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Climate change linked to penguin chicks deaths in Argentina



More frequent storms and heavy rain are the most frequent cause of death for young magellanic penguins near Punta Tombo, Argentina, according to a new study.

Researchers from the University of Washington observed magellanic penguins for 27 years in the South American country and concluded that they were suffering from the climatic variations in the region.

Heavy rain, storms and increased heat have been the most common cause of death among chicks and has also led to foraging difficulties in adults, causing many youngsters dying for starvation.

Chicks are often too vulnerable to protect themselves from the strongest rain and heat, but also too old to be protected by their parents. As a result, they often perish.

The abstract of the study says, “Climate change that increases the frequency and intensity of storms results in more reproductive failure of magellanic penguins, a pattern likely to apply to many species breeding in the region.

“Climate variability has already lowered reproductive success of magellanic penguins and is likely undermining the resilience of many other species.”

In Punta Tombo, 110km south of Trelew in the Chubut province, there is an important colony of this species.

Lead authors Dee Boersma commented, “It’s the first long-term study to show climate change having a major impact on chick survival and reproductive success.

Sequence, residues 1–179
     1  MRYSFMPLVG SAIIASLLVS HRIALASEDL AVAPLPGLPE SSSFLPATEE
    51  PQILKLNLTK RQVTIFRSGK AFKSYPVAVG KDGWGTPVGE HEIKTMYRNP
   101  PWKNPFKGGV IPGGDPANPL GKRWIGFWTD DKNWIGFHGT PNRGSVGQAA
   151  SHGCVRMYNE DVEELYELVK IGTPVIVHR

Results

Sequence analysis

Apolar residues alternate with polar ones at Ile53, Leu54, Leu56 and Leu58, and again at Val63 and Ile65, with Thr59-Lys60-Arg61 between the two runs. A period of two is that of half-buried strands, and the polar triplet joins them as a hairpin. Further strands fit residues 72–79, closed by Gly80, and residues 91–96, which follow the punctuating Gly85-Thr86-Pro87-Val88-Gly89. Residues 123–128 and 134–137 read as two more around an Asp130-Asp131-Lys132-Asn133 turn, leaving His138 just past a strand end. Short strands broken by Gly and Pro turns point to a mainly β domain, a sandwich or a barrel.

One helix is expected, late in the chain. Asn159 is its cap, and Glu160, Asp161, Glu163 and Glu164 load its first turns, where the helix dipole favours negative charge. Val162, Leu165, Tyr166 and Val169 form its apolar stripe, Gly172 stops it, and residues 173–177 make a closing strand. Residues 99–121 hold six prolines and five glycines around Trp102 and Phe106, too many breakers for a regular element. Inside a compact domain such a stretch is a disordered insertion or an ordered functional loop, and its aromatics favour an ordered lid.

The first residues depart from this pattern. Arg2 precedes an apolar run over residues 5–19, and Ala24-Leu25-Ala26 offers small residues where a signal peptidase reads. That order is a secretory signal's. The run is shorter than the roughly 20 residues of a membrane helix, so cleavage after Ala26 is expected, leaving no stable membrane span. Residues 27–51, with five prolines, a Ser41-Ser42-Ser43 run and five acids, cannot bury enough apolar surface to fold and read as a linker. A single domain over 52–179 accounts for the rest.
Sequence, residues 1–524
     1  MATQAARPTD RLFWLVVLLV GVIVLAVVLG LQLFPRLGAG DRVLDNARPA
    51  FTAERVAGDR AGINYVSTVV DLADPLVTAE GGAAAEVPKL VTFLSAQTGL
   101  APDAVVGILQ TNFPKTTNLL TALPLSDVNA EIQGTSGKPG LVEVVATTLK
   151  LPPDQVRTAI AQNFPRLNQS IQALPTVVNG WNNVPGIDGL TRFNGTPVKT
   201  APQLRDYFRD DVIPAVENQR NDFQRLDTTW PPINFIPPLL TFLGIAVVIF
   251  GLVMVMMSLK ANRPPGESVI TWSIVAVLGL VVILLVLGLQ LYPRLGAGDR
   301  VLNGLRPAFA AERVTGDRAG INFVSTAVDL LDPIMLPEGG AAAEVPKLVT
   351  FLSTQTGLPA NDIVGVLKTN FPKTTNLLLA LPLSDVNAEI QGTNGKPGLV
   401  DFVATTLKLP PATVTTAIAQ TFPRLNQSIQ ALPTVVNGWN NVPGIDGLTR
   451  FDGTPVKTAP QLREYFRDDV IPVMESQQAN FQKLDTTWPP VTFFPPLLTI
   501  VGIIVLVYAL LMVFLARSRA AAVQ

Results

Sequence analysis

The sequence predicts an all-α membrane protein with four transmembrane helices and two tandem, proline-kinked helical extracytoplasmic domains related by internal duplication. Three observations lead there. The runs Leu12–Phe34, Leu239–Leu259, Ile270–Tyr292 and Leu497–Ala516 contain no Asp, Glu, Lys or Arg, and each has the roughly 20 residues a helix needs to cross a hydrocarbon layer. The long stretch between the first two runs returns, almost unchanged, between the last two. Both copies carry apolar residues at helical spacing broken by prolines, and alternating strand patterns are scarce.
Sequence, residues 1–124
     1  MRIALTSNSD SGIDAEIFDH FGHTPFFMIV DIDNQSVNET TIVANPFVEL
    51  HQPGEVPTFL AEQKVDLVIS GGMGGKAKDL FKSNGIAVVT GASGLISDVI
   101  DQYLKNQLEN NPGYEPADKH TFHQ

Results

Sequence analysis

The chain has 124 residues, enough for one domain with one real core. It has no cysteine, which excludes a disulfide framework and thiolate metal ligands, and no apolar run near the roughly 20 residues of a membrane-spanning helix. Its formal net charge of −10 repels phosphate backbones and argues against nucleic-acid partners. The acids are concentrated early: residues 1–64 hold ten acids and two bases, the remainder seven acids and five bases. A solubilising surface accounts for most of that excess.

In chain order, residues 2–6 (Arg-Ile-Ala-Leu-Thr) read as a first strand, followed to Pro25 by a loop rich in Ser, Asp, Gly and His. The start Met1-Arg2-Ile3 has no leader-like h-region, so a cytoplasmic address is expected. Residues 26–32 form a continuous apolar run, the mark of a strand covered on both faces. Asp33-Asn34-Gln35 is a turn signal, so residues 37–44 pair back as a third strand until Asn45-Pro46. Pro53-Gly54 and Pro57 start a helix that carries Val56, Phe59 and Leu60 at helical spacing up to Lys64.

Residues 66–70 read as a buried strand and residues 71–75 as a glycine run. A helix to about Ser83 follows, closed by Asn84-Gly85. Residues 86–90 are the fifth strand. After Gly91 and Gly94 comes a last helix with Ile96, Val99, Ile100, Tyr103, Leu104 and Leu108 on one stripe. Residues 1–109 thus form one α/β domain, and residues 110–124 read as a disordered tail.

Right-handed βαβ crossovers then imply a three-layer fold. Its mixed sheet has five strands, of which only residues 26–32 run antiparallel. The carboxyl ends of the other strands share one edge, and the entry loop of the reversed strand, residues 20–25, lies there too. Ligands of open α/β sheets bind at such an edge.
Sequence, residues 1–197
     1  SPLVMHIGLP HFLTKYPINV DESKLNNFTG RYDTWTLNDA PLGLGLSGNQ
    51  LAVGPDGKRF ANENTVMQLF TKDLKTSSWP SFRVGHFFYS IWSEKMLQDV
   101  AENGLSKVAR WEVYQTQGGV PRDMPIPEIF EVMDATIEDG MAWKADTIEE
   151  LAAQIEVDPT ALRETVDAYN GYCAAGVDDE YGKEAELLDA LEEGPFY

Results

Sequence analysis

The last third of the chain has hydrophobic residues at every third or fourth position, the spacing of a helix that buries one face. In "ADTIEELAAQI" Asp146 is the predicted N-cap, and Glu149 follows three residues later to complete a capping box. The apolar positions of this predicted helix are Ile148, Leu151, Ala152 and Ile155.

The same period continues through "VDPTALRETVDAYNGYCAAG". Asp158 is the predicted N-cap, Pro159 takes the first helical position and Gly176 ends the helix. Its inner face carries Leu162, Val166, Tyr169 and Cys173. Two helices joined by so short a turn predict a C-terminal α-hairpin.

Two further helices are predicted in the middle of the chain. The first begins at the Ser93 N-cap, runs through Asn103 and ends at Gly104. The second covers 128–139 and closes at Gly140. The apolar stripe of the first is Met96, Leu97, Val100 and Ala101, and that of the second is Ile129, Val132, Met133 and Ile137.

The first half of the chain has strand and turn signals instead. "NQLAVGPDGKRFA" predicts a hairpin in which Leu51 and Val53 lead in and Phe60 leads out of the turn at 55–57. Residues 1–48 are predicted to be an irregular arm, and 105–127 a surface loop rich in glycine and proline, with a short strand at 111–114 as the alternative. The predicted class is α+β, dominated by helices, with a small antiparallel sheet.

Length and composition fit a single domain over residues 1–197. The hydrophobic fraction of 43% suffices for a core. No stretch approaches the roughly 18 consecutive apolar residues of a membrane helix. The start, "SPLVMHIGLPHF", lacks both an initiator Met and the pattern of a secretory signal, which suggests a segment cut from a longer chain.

“Penguins live in the desert and what’s really happening with these rain storms – they are turning their nests into swimming pools and they really don’t like to be wet.”

Climate variations are also affecting the breeding season among adult penguins.

Boersma said, “The birds are coming back later and on average laying their eggs three days later than they did a decade ago, so they have a shorter breeding season and that cuts down the amount of time they have to raise their chicks.”

Further reading:

Biodiversity in UK overseas territories face ‘immediate and significant threats’

Climate change will bring ‘staggering’ deep-sea ecosystem changes

Study reveals decline of 16 bird species in the UK

‘FTSE index’ of threatened wildlife charts 60% decline since 1970

Stable population helps species adapt to climate change


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